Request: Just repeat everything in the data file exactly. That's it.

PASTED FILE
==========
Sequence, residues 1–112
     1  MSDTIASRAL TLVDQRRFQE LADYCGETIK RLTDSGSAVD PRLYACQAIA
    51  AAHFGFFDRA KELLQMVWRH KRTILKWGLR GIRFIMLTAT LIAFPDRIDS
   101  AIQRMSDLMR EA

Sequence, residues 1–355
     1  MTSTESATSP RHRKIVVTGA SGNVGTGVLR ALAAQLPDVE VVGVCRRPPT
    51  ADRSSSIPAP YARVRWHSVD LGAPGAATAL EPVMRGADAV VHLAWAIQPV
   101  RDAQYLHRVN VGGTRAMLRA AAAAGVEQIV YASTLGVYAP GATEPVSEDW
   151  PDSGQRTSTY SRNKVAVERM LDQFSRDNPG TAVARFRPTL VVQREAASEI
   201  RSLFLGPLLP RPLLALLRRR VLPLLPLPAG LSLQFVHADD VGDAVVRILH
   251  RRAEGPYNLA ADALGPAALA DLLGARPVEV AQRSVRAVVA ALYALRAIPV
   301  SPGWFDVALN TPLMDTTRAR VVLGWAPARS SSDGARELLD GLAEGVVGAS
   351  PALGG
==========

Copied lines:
Sequence, residues 1–112
     1  MSDTIASRAL TLVDQRRFQE LADYCGETIK RLTDSGSAVD PRLYACQAIA
    51  AAHFGFFDRA KELLQMVWRH KRTILKWGLR GIRFIMLTAT LIAFPDRIDS
   101  AIQRMSDLMR EA

Sequence, residues 1–355
     1  MTSTESATSP RHRKIVVTGA SGNVGTGVLR ALAAQLPDVE VVGVCRRPPT
    51  ADRSSSIPAP YARVRWHSVD LGAPGAATAL EPVMRGADAV VHLAWAIQPV
   101  RDAQYLHRVN VGGTRAMLRA AAAAGVEQIV YASTLGVYAP GATEPVSEDW
   151  PDSGQRTSTY SRNKVAVERM LDQFSRDNPG TAVARFRPTL VVQREAASEI
   201  RSLFLGPLLP RPLLALLRRR VLPLLPLPAG LSLQFVHADD VGDAVVRILH
   251  RRAEGPYNLA ADALGPAALA DLLGARPVEV AQRSVRAVVA ALYALRAIPV
   301  SPGWFDVALN TPLMDTTRAR VVLGWAPARS SSDGARELLD GLAEGVVGAS
   351  PALGG